The house buying process can be a marathon in itself; it’s a long and difficult task requiring a lot of prep, motivation and consistency. Whether it’s your first or second property, buying a home is very much like running an actual marathon. Here’s how the two are very similar:
Prep and Train
Weeks or months of preparation and training go into running a marathon to reduce the risk of injury and the likelihood of having to forfeit early. The same goes for buying a house. The work you do before helps improve the chances of securing the property you want and also helps to prevent any hiccups that may delay the process. This includes getting your credit report and score up to scratch and researching property prices and areas. Research helps you gain a better understanding of what you can realistically afford compared to your expectations. Training may include getting into the habit saving regularly towards a deposit, if you haven’t already done so. Your credit report and score are a vital part in a mortgage lender’s decision process, so give yourself time to improve it. Find out what you can do to get the best credit score possible.
Your research and prep should also leave time for searching and finding the right mortgage deal, so you’re getting the best rate possible.
Keep The Pace
As most marathon runners know, it’s important to keep a steady pace, as sprinting ahead when the race has just started will leave you burnt out before you’re even close to the finish line. Keep this in mind when starting to save up for a house deposit. Regular saving at an amount you can reasonably afford is better than saving large chunks of your monthly wage with just a little to live off for the rest of the month. Whilst saving for a house is probably the toughest part, living like you’re completely broke isn’t necessary. It’s important to enjoy the present as well or, much like sprinting ahead, you’ll feel burnt out by the time you’ve saved up what you need.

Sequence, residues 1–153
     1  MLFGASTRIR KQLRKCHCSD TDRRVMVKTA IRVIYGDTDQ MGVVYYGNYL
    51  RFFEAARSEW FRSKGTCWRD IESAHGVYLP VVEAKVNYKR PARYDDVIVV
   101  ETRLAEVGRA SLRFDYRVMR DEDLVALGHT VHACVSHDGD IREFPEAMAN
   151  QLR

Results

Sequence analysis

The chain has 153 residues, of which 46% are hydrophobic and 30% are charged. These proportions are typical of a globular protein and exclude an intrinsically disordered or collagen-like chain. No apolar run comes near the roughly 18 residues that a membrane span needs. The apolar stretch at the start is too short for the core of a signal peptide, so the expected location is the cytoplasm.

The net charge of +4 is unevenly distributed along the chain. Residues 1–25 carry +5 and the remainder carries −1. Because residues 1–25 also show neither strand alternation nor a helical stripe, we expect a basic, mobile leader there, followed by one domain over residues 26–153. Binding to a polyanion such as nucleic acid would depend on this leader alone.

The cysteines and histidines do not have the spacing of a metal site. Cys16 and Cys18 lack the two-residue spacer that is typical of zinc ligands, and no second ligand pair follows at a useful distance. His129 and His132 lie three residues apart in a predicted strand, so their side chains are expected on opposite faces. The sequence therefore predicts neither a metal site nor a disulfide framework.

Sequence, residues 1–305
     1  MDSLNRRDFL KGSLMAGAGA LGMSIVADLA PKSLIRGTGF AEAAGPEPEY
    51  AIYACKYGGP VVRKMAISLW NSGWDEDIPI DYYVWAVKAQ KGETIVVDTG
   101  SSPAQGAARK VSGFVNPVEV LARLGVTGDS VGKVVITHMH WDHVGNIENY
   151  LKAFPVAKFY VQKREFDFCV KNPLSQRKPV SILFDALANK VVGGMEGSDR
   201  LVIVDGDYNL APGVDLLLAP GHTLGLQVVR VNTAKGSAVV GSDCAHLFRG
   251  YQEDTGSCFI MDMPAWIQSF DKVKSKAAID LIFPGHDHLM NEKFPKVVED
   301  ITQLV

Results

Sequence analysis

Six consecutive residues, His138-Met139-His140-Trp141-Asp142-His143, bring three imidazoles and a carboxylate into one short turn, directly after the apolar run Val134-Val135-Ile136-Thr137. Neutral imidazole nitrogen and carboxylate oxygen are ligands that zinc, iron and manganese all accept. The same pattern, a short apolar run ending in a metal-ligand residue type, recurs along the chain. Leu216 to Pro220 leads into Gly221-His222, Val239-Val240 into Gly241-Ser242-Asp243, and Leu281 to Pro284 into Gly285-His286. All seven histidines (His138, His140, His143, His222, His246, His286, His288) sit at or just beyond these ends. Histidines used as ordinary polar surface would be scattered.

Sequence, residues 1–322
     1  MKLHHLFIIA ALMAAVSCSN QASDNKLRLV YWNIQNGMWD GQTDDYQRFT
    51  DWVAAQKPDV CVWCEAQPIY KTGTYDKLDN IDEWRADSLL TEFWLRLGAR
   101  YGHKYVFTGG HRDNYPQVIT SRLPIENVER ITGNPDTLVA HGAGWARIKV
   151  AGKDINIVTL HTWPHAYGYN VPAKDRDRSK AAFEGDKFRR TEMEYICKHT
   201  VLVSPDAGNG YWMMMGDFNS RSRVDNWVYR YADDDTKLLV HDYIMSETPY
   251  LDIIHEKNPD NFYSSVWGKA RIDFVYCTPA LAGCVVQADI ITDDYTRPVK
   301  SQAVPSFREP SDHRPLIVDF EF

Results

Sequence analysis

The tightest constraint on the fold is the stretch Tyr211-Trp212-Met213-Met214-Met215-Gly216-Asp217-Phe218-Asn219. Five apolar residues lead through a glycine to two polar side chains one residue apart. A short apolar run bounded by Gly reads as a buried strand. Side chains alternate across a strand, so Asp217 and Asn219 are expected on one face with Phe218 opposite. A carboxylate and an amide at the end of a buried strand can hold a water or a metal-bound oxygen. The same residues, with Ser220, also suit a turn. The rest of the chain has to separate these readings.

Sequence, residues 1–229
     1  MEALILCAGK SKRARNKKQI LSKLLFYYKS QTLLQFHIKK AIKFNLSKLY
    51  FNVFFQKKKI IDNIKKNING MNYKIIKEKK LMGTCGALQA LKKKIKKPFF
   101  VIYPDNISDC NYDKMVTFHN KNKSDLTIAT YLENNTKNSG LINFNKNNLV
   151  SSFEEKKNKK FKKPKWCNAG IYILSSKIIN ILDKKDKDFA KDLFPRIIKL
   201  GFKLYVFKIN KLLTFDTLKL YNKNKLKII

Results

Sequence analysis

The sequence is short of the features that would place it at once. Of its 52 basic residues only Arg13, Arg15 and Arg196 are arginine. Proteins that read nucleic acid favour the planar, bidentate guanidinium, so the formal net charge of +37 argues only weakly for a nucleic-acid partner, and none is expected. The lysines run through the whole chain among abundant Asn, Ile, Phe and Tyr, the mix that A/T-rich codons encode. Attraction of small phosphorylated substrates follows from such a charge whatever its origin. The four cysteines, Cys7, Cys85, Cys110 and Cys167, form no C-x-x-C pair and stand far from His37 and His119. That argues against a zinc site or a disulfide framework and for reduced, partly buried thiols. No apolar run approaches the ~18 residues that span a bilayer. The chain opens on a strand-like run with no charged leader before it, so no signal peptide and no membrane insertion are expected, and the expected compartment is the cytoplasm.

The key is to find a balance between saving and spending, which means analysing your budget and working out what you can afford. Then, set up weekly or monthly direct debits (so you don’t forget) into your designated savings account for your deposit.
Track Your Progress
Tracking progress whilst training helps keep a runner motivated and have a clear sense of their progression and performance levels. Buying a house is essentially the same. Checking how much you’ve saved for a deposit can boost morale, make the hard work you’ve done in saving every month seem worthwhile and help to keep your eye on the goal. You’ll thank yourself for not splurging on designer shoes that you really don’t need. This also goes for tracking your credit score, which is key in the home buying process.
The Final Sprint
After the steady pace of the whole home buying process, next comes the final sprint to secure the house before other buyers. This last stage will involve a lot of pushing past the competition and your own pain barriers, testing your buying legs and putting your offer in with the seller before the other would-be home owners get in on it. Putting down the best offer will likely get you across the finish line and win you the race to getting your dream home.
When buying a house you have to be in it for the long haul, just like when you commit to running a marathon. There may be a hurdles along the way but it’s key to keep your eye on the finish line and all the months of preparation can pay off. In this case, your beautiful new home.